"Come to Godís table, everyone!" Isaiah said way-back-when, and continues to say even today. The food of this covenant relationship isnít just for the few who have somehow managed to find God in whatever exile they have been placed. "Ollie-ollie-oxen-in-come-free!" This table is for you! God never abandoned you. In fact, you have never been lost from Godís eyes. God has found you from the get-go. And now, God will be glorified in you. Not around you, but in you. Not in the person two rows over from you, but in you. Not in the folks who have it all together, but in you. Not in some leader who obviously had or has "the gift," but in you. Why be empty when the Lord has spread a feast right before your eyes? As I said, a lot depends upon what youíre looking for, doesnít it?

"Seek the Lord while he may be found," Isaiah said. "Seek and you will find," Jesus echoed. (Matthew 7:7, Luke 11:9) "Come to the water," Isaiah urged. "Let anyone who is thirsty come to me," Jesus echoed. "Out of the believerís heart shall flow rivers of living water." (John 7:37-39). "You that have no money," at least not of the currency accepted for payment at this table, "come, buy and eat ... without money, without price." Thatís what Isaiah said. And with words strangely familiar, Jesus echoed, "Blessed are those who hunger and thirst for a right relationship with the One who Created them,  for righteousness, for they will be filled." (Matthew 5:6)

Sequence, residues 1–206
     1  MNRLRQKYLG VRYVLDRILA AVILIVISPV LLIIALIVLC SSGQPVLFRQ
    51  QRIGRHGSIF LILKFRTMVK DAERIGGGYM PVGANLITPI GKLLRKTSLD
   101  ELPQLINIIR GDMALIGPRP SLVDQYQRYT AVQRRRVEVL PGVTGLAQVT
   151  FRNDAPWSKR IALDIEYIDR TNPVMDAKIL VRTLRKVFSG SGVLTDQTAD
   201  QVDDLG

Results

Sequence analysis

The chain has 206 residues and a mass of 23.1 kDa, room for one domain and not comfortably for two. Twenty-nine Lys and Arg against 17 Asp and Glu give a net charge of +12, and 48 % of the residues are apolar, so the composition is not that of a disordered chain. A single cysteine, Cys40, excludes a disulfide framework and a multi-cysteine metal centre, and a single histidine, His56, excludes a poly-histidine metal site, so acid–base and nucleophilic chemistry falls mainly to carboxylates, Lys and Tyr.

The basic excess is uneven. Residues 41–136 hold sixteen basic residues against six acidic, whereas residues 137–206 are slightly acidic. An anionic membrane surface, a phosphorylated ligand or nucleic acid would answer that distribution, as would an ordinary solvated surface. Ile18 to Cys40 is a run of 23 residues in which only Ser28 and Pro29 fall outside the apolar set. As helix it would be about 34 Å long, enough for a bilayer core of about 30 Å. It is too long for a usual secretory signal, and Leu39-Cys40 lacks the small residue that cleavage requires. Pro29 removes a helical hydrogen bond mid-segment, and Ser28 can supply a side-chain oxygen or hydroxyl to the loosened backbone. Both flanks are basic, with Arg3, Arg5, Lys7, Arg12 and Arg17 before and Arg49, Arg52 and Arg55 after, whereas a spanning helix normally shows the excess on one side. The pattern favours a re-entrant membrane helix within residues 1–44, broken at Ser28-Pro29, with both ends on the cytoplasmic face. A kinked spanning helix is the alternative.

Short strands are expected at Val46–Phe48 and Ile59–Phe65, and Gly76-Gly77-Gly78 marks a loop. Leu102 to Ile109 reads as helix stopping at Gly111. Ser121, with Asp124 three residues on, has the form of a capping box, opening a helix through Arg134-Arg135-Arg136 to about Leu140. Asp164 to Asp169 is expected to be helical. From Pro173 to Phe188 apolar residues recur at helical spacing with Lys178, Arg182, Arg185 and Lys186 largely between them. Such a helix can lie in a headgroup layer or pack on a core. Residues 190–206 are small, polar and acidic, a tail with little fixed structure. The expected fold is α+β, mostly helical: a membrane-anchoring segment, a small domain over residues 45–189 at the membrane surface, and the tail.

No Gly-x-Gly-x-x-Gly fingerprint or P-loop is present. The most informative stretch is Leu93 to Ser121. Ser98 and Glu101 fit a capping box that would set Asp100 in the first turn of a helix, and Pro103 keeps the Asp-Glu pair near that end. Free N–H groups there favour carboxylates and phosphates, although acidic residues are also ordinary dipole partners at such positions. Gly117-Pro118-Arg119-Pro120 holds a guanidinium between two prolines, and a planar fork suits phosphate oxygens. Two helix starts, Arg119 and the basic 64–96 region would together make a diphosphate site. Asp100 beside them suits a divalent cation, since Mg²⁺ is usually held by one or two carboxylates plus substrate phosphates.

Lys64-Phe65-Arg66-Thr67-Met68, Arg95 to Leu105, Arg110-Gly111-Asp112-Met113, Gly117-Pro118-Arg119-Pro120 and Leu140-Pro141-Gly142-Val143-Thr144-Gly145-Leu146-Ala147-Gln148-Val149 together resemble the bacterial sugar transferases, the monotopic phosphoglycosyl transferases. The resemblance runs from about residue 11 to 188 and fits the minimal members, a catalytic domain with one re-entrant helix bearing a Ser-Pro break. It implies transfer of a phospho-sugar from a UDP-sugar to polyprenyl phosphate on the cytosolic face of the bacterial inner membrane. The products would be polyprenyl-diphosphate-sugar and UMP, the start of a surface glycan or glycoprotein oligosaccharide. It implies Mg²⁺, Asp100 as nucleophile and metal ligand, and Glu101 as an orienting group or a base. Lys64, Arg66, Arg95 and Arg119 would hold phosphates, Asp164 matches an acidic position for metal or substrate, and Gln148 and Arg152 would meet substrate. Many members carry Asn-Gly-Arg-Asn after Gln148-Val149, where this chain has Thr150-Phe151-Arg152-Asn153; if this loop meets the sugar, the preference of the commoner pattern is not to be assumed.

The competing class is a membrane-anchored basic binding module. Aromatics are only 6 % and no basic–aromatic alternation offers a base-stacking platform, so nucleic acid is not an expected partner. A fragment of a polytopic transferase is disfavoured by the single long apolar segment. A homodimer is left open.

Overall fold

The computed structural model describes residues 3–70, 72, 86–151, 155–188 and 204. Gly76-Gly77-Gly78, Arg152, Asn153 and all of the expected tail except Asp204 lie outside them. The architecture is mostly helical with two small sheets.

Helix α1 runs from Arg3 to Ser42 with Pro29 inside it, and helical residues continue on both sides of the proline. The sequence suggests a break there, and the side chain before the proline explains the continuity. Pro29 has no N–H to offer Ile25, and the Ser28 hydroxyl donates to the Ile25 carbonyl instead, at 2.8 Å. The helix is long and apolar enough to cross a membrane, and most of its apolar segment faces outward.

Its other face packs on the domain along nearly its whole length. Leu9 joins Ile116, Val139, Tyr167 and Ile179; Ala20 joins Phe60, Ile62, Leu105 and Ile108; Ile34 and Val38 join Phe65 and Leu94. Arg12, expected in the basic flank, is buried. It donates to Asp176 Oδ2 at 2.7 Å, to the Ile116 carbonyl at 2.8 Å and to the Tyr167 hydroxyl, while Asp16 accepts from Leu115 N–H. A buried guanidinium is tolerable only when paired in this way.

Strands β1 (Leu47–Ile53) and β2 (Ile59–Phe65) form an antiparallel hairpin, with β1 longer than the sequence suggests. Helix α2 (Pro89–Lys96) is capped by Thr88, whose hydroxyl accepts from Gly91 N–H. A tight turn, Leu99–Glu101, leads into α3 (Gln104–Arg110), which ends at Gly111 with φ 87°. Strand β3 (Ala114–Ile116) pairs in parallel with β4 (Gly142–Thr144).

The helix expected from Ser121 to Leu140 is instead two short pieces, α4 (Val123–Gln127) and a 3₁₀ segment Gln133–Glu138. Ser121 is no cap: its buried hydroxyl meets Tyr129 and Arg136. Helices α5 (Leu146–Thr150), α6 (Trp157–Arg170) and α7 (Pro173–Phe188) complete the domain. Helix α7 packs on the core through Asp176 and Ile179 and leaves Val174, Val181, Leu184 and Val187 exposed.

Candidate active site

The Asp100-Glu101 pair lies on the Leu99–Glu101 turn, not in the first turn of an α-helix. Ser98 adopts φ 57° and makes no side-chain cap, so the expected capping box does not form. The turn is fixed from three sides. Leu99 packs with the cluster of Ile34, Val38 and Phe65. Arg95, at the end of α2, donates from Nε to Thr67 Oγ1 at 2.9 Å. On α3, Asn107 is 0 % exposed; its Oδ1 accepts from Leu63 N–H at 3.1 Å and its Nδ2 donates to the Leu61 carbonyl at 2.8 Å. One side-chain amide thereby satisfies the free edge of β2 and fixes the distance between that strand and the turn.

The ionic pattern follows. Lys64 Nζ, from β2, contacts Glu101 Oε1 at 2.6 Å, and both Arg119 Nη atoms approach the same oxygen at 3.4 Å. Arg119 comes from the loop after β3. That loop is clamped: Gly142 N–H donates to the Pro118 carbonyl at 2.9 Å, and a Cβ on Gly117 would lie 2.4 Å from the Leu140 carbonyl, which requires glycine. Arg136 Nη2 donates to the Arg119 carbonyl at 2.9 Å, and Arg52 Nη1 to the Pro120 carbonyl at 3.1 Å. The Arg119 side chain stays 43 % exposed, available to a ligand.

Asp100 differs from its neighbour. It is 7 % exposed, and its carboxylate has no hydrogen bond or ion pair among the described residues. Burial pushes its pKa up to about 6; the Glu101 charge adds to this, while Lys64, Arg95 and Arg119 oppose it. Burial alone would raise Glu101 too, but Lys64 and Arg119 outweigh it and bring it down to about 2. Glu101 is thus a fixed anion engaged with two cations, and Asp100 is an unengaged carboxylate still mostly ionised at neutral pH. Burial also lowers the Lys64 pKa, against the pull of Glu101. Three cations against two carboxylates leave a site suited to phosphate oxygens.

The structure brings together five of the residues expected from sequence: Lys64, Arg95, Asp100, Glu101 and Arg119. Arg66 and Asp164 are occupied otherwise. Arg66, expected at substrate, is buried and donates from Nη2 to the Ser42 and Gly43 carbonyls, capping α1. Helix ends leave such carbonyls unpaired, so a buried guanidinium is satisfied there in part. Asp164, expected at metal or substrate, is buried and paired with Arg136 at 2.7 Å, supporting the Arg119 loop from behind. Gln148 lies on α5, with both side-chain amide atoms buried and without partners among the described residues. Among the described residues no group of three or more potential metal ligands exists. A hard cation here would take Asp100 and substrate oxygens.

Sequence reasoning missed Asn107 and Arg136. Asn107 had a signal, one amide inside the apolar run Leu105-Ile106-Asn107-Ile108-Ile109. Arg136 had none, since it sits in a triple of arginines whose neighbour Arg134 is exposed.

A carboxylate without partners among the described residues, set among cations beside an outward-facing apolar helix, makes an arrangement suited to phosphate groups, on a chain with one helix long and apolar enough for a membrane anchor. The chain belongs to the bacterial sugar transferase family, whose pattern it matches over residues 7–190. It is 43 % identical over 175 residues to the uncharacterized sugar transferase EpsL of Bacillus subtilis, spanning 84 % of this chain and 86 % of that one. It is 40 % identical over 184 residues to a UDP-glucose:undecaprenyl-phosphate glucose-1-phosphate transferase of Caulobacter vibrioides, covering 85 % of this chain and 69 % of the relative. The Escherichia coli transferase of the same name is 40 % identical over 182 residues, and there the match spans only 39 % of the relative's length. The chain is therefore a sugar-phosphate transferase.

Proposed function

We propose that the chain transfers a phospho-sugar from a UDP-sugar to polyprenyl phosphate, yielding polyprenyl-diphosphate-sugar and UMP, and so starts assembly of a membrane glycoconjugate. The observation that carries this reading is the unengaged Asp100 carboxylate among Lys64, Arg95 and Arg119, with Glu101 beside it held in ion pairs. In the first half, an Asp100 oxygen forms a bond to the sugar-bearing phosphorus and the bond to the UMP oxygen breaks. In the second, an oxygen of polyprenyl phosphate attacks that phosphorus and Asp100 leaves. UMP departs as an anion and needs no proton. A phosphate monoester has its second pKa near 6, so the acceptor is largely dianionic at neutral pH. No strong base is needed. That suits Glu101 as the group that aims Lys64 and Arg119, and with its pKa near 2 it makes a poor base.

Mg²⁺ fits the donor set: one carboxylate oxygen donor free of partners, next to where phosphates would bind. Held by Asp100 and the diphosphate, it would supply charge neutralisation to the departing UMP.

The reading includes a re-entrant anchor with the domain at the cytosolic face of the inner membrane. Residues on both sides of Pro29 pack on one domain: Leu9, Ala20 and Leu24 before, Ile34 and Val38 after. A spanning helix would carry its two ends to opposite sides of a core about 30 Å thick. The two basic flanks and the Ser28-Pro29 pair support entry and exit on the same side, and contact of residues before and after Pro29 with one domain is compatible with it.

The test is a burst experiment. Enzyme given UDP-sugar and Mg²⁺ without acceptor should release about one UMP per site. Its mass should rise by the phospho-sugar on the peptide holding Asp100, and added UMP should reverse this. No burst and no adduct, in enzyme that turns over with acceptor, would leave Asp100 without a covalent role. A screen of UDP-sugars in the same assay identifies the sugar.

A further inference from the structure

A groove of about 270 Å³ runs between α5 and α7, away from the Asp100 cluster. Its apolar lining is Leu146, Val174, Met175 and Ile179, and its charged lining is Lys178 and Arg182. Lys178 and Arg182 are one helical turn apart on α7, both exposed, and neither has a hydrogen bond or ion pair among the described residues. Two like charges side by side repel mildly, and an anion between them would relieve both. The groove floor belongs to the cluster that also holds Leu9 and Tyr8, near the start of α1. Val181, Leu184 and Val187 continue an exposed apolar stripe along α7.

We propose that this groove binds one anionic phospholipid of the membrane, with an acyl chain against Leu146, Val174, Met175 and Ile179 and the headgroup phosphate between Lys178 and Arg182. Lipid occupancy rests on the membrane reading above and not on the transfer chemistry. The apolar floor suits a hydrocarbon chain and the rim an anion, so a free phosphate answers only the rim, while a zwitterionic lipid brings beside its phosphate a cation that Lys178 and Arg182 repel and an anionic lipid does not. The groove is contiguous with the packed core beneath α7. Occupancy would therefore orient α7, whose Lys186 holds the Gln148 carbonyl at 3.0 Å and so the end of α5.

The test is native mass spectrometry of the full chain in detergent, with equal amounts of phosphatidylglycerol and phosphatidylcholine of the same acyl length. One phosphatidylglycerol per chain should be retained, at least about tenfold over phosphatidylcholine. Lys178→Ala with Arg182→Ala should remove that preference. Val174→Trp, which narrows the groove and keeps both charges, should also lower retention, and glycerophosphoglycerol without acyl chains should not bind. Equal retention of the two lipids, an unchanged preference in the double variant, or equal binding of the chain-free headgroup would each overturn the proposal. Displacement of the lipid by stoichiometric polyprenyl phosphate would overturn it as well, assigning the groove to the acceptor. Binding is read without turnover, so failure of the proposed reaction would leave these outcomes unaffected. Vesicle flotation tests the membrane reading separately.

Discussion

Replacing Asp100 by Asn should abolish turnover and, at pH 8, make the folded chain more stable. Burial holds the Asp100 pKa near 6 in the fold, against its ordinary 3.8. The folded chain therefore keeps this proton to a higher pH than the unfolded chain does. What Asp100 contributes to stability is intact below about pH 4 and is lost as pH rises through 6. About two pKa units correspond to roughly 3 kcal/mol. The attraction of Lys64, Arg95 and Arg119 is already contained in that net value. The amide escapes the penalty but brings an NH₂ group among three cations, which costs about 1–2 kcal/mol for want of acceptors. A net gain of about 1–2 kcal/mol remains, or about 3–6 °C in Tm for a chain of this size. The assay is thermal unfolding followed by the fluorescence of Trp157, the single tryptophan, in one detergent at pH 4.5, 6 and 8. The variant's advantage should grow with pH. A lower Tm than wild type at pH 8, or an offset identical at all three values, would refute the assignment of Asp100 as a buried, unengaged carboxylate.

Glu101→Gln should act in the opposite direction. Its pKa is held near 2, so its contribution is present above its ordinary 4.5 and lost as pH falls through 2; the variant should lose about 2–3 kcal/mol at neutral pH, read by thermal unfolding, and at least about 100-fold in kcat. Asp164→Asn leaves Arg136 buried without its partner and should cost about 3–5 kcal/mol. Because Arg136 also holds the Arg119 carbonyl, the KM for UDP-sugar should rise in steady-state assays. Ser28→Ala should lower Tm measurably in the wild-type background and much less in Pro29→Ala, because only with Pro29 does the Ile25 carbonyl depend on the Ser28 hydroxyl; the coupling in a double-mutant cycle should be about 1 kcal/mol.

"Seek the Lord while he may be found," Isaiah invited. God is not distant, but right next to you, so "very near." Just turn in the right direction. Call out. As you turn, however, let go of the "stuff" that gets in the way, the attitudes and actions that ultimately are harming you, keeping you from receiving what the Lord wants to give. But thatís so hard to do, isnít it? To just let go and let God. Everything within us seems to conspire to make us overlook the obvious. How can we, then, just let go and let God? "My thoughts and ways are not yours, says the Lord." That doesnít mean that God is so far beyond us that weíll never get there. What it does mean is simply this: donít underestimate what is possible. God is God, none other. And God says, "Come!"

In the words of Isaiah, "Seek the Lord while he may be found." In the words of Jesus, "Seek first the kingdom of God and his righteousness, and all these things will be given to you," food for the soul as well as food for the body - that is, what you really need (Matthew 6:31-34).

*********************

Along the way of our journey through this season of lent thus far, we have been blessed with a series of paintings by Paul Grout entitled, "Stations of the Resurrection." Todayís installment is on the front of your bulletin. Take a moment to look at it. Biblically, the scene is from that garbage dumb outside Jerusalem, known as Golgotha, where our Lord was nailed to a crude torture and execution device - a cross. (see John 19:25-37)